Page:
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MSF in Mexico, 2001
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Programs Reach Areas of Isolation and Neglect
MSF work in Mexico focuses on indigenous people who live in isolated regions, and have little or no access to basic health care.
In March 2000, MSF was granted access to the isolated state of Chiapas, where neglect and poverty have fomented a rebellion led by the area's indigenous people that has endured since 1994. The initial primary health care project in the region of Los Altos has now been extended to the regions of Zona Norte, Las Cañadas, and La Selva—all isolated, mountainous areas and part of the so-called "conflict area." Much of MSF's work takes place in self-declared autonomous communities, where rebels have not let the Ministry of Health operate for more than seven years.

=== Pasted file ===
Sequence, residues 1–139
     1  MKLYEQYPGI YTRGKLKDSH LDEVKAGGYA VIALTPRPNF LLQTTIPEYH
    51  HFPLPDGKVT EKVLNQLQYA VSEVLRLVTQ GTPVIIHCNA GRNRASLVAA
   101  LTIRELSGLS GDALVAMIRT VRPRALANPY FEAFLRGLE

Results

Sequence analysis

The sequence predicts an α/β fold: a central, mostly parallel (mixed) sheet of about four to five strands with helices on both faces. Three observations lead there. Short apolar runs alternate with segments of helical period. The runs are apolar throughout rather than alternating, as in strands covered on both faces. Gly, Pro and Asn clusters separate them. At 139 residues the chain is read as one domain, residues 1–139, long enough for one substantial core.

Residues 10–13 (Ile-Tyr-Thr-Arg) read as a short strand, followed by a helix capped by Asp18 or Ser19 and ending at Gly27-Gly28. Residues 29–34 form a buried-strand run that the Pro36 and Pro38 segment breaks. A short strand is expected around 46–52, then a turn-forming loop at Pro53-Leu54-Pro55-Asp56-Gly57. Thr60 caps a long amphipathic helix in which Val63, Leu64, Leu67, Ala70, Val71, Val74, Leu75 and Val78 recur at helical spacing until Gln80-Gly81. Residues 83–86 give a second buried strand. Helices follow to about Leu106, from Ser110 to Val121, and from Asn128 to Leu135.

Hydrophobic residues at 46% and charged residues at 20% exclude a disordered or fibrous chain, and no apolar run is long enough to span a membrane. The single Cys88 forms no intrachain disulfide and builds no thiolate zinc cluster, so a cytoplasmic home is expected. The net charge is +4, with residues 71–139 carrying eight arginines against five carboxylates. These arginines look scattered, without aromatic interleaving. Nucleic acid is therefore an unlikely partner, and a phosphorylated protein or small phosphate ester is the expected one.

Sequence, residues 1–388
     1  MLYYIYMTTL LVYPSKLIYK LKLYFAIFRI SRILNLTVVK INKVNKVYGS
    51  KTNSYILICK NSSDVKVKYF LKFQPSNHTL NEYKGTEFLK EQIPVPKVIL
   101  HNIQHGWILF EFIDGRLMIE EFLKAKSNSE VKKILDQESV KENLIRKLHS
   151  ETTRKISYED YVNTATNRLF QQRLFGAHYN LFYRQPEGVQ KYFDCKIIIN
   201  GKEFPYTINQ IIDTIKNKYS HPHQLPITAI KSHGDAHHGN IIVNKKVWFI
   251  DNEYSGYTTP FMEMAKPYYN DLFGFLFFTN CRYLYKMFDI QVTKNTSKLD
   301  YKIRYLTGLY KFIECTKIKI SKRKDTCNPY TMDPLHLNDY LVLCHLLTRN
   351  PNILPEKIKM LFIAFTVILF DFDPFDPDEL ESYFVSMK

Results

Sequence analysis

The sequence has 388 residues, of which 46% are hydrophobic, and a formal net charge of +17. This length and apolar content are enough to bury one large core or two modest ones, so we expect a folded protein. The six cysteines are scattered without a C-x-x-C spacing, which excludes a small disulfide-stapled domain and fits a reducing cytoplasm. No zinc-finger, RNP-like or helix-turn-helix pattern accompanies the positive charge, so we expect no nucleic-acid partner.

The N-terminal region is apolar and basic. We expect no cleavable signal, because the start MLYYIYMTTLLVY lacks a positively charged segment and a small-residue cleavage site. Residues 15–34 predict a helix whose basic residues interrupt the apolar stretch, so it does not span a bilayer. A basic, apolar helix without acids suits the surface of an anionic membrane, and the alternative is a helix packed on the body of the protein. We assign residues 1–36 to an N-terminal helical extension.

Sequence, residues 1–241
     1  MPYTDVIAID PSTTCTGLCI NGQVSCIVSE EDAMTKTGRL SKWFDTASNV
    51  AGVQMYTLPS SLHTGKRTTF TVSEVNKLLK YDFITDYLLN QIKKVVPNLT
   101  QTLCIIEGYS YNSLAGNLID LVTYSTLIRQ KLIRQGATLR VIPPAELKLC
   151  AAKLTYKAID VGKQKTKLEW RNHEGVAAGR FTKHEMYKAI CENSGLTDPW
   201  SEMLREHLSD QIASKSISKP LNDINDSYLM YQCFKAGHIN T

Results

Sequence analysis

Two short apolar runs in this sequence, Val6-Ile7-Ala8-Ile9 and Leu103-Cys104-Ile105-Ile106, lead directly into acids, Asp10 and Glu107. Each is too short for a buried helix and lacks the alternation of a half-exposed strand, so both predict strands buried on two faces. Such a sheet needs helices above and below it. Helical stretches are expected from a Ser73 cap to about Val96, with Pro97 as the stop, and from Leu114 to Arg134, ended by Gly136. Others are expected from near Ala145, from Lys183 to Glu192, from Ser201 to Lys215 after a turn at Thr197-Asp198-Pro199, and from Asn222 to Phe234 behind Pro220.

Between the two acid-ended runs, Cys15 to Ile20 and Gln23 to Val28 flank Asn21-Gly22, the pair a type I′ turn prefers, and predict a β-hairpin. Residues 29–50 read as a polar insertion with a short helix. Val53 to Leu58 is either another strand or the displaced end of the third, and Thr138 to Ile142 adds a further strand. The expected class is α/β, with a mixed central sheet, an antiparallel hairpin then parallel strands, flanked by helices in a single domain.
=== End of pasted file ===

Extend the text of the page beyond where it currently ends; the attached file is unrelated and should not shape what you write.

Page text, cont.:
Mobile medical teams deliver basic care and train community health workers and traditional birth attendants. In Los Altos, MSF also performs eye surgery on patients with trachoma, a blinding disease endemic in the area.
A two-year pilot program in Mixteca, in the southern state of Oaxaca, was handed over to the Mexican Ministry of Health at the end of 2000. This program of medical aid and training served some 17,000 indigenous people scattered over 60 communities.
A recent exploratory mission in the southeastern part of the state of Guerrero is likely to result in a program focused on health care for mothers and children.
MSF first worked in Mexico in 1994 and has had a continuous presence since 1997.